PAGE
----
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New York Times (September 25)

2018/ 09/ 26 by jd in Global News

Companies are discovering that “quitting China is hard to do” as they look to shift operations to avoid Trump tariffs. “Few places can match China’s convenience and reliability.” Not only is China a near comprehensive source of “the ingredients that go into today’s consumer goods,” it also boasts “a dependable source of workers who know how to hold down factory jobs,” along with “reliable roads and rail lines connecting suppliers to assembly plants to ports.”

 

Bloomberg (September 19)

2018/ 09/ 21 by jd in Global News

“Trump has badly miscalculated Xi’s willingness to endure a lot of economic suffering to avoid surrender. Trump has also miscalculated who will be hurt by his tariffs; in many cases it will be American consumers and companies.”

 

Wall Street Journal (September 19)

2018/ 09/ 20 by jd in Global News

“If Mr. Trump wants to change Chinese behavior, he should first finish a new Nafta, drop his blunderbuss steel tariffs on allies, forget new auto tariffs, negotiate a zero tariff deal with Europe, and re-enter the Trans-Pacific Partnership.” Then he could “lead a coalition to confront Xi Jinping from a position of strength with targeted trade enforcement rather than scattershot tariffs. The real worry is that Mr. Trump supports tariffs for their own sake, and he may not want a China deal. With Donald Trump and trade, you never know.”

 

Straits Times (September 18)

2018/ 09/ 19 by jd in Global News

On Monday,  Donald Trump “effectively broadsided one of the world’s largest trade relationships, announcing plans to proceed with tariffs on another US$200 billion in US imports of Chinese goods.” Combined with previous tariffs, “this means roughly half of everything Americans buy from China…is now subject to punitive import duties. Whole industrial sectors stand to feel the effects, including agriculture, manufacturing, textiles and retail.”

 

Bloomberg (August 1)

2018/ 08/ 02 by jd in Global News

“After earnings carnage at global auto rivals,” Toyota is in the “spotlight.” From Detroit to Seoul, Toyota’s global rivals “fell short of estimates and warned of more pain from the trade war.” In contrast, “the world’s most valuable automaker will likely report modest sales and earnings growth for the most recent quarter.” But going forward the automaker still “faces a fight on every front. Potential U.S. tariffs threaten to cripple demand in its biggest market, rivals continue to pull ahead in China, and at home, the top-selling Prius is suffering a slump in popularity.”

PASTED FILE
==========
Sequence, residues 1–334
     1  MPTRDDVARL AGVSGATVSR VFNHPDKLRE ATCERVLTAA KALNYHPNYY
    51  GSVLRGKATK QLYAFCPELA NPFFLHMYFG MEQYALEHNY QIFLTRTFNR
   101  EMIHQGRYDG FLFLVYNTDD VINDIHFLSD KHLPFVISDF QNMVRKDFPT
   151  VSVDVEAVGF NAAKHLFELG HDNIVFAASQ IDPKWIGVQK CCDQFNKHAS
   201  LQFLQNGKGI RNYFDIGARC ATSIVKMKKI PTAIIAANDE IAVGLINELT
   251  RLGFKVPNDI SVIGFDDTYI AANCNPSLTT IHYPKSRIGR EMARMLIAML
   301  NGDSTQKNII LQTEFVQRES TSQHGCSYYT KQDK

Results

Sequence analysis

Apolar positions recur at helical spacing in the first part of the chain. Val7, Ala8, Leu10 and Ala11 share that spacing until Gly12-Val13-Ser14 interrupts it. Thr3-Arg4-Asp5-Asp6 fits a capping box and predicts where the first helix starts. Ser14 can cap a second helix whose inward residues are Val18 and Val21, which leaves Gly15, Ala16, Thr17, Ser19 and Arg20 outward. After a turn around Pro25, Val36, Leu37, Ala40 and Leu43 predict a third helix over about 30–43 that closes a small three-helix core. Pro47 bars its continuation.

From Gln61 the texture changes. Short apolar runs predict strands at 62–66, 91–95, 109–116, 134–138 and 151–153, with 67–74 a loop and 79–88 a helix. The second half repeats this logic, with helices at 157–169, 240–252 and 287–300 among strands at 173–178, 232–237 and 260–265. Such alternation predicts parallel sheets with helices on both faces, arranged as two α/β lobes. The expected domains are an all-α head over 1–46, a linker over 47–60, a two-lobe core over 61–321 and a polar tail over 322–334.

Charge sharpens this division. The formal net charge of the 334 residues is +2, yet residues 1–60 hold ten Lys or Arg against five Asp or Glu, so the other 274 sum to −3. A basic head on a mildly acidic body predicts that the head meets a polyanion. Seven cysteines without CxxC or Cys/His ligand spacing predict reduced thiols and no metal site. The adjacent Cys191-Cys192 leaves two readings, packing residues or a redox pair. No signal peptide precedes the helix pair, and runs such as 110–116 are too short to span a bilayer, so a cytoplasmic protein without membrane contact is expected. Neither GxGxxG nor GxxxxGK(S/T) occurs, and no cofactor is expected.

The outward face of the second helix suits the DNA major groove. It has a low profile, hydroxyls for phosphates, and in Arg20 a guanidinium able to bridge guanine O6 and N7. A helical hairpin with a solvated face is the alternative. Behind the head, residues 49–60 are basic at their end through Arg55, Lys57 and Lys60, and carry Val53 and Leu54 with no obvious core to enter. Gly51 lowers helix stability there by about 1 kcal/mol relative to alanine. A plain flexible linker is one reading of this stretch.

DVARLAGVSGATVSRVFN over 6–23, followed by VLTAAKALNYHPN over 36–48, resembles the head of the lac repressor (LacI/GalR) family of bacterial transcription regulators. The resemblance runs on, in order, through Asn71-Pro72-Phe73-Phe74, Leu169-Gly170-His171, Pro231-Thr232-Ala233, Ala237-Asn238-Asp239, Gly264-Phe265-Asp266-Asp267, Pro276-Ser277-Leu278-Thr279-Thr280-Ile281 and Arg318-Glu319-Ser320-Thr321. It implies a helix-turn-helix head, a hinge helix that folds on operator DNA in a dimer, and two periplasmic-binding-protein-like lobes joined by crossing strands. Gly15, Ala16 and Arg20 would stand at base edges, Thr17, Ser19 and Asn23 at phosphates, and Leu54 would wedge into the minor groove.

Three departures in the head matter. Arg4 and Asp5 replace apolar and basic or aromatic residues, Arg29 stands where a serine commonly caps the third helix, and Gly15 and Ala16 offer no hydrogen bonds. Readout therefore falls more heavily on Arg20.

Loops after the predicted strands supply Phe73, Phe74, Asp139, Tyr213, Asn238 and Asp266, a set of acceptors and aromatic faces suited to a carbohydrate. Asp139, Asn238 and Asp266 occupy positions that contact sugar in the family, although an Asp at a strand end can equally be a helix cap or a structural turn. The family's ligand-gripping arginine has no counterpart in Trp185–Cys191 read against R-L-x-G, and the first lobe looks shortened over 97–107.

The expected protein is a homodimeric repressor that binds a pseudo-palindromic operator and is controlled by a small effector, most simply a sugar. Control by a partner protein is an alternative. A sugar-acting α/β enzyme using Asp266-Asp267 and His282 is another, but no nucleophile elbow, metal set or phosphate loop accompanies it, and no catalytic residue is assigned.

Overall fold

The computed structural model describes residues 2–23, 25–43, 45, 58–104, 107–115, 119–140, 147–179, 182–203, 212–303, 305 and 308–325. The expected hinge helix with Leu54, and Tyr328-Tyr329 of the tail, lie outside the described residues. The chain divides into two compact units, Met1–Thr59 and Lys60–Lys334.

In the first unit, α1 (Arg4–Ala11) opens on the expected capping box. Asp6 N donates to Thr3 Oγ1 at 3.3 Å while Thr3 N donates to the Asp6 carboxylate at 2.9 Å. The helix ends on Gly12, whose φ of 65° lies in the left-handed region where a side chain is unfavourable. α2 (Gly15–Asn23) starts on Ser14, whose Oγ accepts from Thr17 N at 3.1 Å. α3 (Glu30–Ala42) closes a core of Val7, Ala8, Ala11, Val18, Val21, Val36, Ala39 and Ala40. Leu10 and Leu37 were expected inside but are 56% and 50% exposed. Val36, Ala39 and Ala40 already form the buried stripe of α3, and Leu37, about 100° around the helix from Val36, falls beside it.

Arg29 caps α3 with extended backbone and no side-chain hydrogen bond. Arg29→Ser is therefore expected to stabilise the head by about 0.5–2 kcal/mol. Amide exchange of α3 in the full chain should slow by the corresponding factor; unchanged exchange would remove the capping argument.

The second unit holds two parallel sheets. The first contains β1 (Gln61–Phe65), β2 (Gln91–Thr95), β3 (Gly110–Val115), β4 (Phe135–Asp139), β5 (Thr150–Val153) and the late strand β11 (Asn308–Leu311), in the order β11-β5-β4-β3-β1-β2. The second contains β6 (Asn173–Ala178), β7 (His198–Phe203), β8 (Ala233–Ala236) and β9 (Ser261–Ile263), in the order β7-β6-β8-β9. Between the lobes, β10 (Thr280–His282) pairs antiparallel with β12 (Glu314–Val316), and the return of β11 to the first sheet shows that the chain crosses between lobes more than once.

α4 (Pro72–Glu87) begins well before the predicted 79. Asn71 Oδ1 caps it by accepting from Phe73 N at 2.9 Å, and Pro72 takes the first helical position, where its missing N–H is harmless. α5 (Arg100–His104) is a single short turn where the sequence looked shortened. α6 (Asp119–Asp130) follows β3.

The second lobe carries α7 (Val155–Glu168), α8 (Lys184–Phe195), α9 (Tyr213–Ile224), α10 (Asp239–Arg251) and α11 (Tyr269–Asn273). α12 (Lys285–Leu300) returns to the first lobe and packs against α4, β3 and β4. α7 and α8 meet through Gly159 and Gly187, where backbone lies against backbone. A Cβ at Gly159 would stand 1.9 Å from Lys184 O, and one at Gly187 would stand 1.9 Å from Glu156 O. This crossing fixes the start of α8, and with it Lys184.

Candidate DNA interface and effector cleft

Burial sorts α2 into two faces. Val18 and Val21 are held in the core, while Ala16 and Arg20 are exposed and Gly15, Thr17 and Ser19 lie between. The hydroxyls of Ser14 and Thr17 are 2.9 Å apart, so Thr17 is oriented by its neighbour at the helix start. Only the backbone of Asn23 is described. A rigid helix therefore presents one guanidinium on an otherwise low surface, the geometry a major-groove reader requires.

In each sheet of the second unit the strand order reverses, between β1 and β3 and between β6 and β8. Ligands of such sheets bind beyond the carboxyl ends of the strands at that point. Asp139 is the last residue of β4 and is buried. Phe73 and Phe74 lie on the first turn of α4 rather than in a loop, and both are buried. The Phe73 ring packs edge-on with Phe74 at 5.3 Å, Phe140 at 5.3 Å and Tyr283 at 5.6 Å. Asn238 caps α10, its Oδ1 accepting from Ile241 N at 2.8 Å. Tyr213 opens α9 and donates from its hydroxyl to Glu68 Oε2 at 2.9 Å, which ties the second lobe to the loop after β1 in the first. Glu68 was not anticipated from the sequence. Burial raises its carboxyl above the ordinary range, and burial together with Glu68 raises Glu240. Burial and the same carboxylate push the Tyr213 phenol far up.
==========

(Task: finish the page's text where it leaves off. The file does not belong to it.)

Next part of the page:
Wall Street Journal (July 26)

2018/ 07/ 27 by jd in Global News

“The Trump administration is on the verge of launching a global trade war, the magnitude of which the world hasn’t seen in a century….If all the threatened Trump tariffs take effect, and the targeted countries respond with the expected retaliatory tariffs on American exports, everyone will lose.”

 

Wall Street Journal (July 18)

2018/ 07/ 20 by jd in Global News

To “counter U.S. protectionism, the EU and China are drawing closer together.” While the EU remains at odds with China on certain trade issues, Trump’s tariffs have helped to paint China in a better light globally. “China has increasingly used the mounting trade spats to portray itself as a protector of the rules-based international order, while chastising the U.S. for disrupting global commerce…. China’s engagement with the EU is driven by its desire to keep open world markets that its manufacturers need to thrive.”

 

South China Morning Post (July 6)

2018/ 07/ 08 by jd in Global News

As the U.S. and China begin to “spar over trade, Japan may avoid a direct hit – for now.” While the first round of tariffs is “expected to have limited impact,” the dispute “could lead to further appreciation of yen and punitive duties on Japanese cars” if it continues to spiral out of control.

 

CNN (July 2)

2018/ 07/ 04 by jd in Global News

“Every US-made car is an import,” which means US automakers could get stung bad by tariffs. According to a measure used by regulators, “the two most ‘American’ cars are both Hondas—the Odyssey minivan and Ridgeline pickup,” each of which boast about 75% of components made in the US or Canada. “The Honda Civic, Acura MDX, Acura TLX and the Mercedes C-class source 70% from the United States and Canada. The highest-ranked car made by a Detroit automaker is the Chevrolet Corvette, which placed seventh” at about 65%. GM has already warned that “tariffs could force the company to cut jobs at US plants due to an expected drop in sales associated with higher prices.”

 

Wall Street Journal (June 21)

2018/ 06/ 24 by jd in Global News

Investors aren’t quite sure “how to trade a trade war.” Some obvious stocks like Boeing and Caterpillar are being hit hard, but for many others there’s a lack of information on the potential impact, “partly because supply chains are so complex.” While there’s much to “suggest that trade war fears haven’t sunk in properly,” the bigger issue is that it is challenging “to price in something you don’t understand, and the implications of a trade battle are obscure, at best.” We don’t know “precisely which products will be targeted in the next round, or how long the tariffs will last.”

 

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